Su-25 Frogfoot, Sukhoi

Su-25 Frogfoot heavily armoured anti-tank aircraft

Heavily armoured attack and anti-tank aircraft. The Su-25 is a well-armoured aircraft, capable of carrying a large load under its shoulder-placed wing. Compared to its US counterpart, the A-10, it is faster and more agile. The Su-25 saw combat in Afghanistan, and experience there led to major improvements. A navalized version was built for the large carriers. Later models have more powerful R-195 engines.

The Su-25, which is no longer in serial production, made its first flight in 1979. This single seat ground attack aircraft is a very durable airplane - it is fairly heavily armoured -- and easy to service - all service equipment can be stored in a container and transported by the airplane itself. It is armed with one twin barrel 30mm gun in the bottom of the fuselage with 250 rounds. There are 8 pylons under the wings which can carry about 4,000 kg of air-to-ground weapons, including 57mm to 330mm rockets. There are two small outboard pylons for AA-2D/ATOLL or AA-8/APHID AAMs.

The wings are high-mounted and back-tapered with straight trailing edges. There are pods mounted at the square tips. There are two turbojets mounted alongside the body under the wings. There are semicircular air intakes forward of the wings' leading edges. There are exhausts to the rear of the wings' trailing edges. The fuselage is long, and slender and has a rounded nose. The body tapers to the rear section that overhangs the exhausts. There is a stepped canopy. The tail is swept-back and fin is tapered with a square tip. The flats mid-mounted on the fuselage, unequally tapered with blunt tips.

The Su-39 (also known as the Su-25T or Su-25TM) is a Frogfoot variant incorporating post-Afghanistan lessons-learned. It is based on the Su-25UB two-seat trainer, with the rear seat and cockpit replaced with a fuel cell and extra avionics. The Su-39 carries the Kopyo-25 multi mode radar in a pod under the fuselage. Armament includes ground attack missiles such as the AT-16 Vikhr , anti-ship missiles, and AAMs such as the R-27, R-27ER, R-60, R-73 and R-77. A four-fold reduction in thermal signature has been achieved through cooling intakes on the upper surface of aircraft, and a new center body which masks hot turbine blades. Only a few dozen of these aircraft have been built. Reports in the mid-1990s that the Su-39 designation had been assigned to a primary trainer derived from the Su-26 and Su-29 aerobatic competition aircraft, designed to replace the Yak-52, are apparently incorrect.

Main versions:

Su-25 Frogfoot-A: Initial one-seater version with R-95 engines.
Su-25K: Export version of Su-25.
Su-25UB Frogfoot-B: (UB - Uchebno-Boevoi) Two-seat combat trainer.
Su-25UBK: Export version of Su-25UB.
Su-25UBP: Naval trainer based on Su-25UB.
Su-25UT: (Frogfoot B) (UT - Uchebno-Trenirovochnyi, Trainer) -- Unarmed primary trainer (sometimes referred to as Su-28)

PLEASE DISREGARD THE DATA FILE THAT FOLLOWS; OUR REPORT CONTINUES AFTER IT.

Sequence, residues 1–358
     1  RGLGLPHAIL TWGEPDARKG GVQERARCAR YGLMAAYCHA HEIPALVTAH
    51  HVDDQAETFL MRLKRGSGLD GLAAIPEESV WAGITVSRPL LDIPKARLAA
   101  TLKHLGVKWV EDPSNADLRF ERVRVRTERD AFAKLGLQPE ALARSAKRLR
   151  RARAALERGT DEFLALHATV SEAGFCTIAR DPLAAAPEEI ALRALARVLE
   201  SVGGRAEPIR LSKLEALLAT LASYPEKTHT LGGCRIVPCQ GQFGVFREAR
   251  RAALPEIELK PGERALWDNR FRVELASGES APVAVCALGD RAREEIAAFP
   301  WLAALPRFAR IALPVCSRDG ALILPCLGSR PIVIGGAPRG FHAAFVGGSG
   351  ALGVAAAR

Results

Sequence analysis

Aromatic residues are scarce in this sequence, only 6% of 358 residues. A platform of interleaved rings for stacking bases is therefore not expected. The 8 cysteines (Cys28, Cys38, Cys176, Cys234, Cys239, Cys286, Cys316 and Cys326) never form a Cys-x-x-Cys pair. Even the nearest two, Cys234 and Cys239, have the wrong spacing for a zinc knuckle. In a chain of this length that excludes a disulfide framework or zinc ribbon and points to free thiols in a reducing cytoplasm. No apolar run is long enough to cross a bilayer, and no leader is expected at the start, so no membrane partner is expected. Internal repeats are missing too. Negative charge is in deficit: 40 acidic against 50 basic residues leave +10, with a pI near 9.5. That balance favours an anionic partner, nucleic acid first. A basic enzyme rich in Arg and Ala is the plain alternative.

Su-25UTG: (Frogfoot B) (UTG - Uchebno-Trenirovochnyi Gakovyi, Trainer Naval) -- Naval trainer based on Su-25UT.
Su-25BM: Enhanced ground attack aircraft with R-195 engines, this is the current production version, and the most numerous in Russian service.
Su-25TP: Version in maritime attack development.
Su-25T/Su-34: (Su-25TM Tankovyi Modifitsirovannyi, Antitank) -- Proposed enhanced version with more armour, improved sensors, and possibly a new gun and engines [Su-25T's production designation is Su-39].
Su-25TK: Proposed export version of Su-25T.

The Su-25 was designed as a low level attack aircraft used in support of ground forces, much like the A-10 Thunderbolt II. Titanium, 24 mm thick, is used to protect the cockpit and other vital components from ground fire, while the internal fuel tanks are lined with a special foam to help protect against explosion. A two-seat variant was later designed as the Su-25UB, and an un-armed version was built - the Su-25UT, which later became the Su-28. Poor combat performance of the Su-25 in Afghanistan led to a much improved 'Frogfoot', named the Su-39. Designed from the Su-25UB, the Su-39 included wing-tip ECM pods, chaff/flare dispensers, IR jammer, and a new navigation and attack system which provided fully automatic weapon selection and release.

Prime contractor: Sukhoi Design Bureau
Nation of origin: Russia
Function: Attack
Crew: 1
In-service year: 1978
Engine: Two Tumansky R-195 non-afterburning turbofans, 9,921 lb thrust each
Wing span: 14.36 m / 47 ft 2 in
Length: 15.53 m / 50 ft 2 in
Height: 4.8 m / 15 ft 9 in
Weight: 20,950 lb empty / 38,800 lb max. take off
Ceiling: 22,965 ft
@ attack speed: 690 km/h / 428 mph
@ max. sea level: 975 km/h / 606 mph
Range: 1,250 km / 777 miles
Armament: One AO-17A 30mm twin-barrel cannon with 250 rounds, plus 9,700 lb including Kh-23/25/29 ASMs, laser-guided bombs, cluster bombs, S-5 57mm rockets, S-8 80mm rockets, S-24 240mm rockets, S-25 330mm rockets, Gsh-23 23mm twin-barrel gun pods with 260 rounds each, R-3S/60 AAMs, or four fuel tanks on ten external points

Type: Su-25 'Frogfoot-A'
Function: attack
Year: 1978
Crew: 1
Engines: 2 * 4100kg Tumansky R-95Sh
Wing Span: 14.36 m
Length: 15.53 m
Height: 4.80 m
Wing Area: 30.10 m2
Max.Weight: 17600 kg
Speed: 970 km/h
Ceiling: 7000 m
Range: 1250 km
Armament: 1*g30 mm (250rpg), 4400 kg

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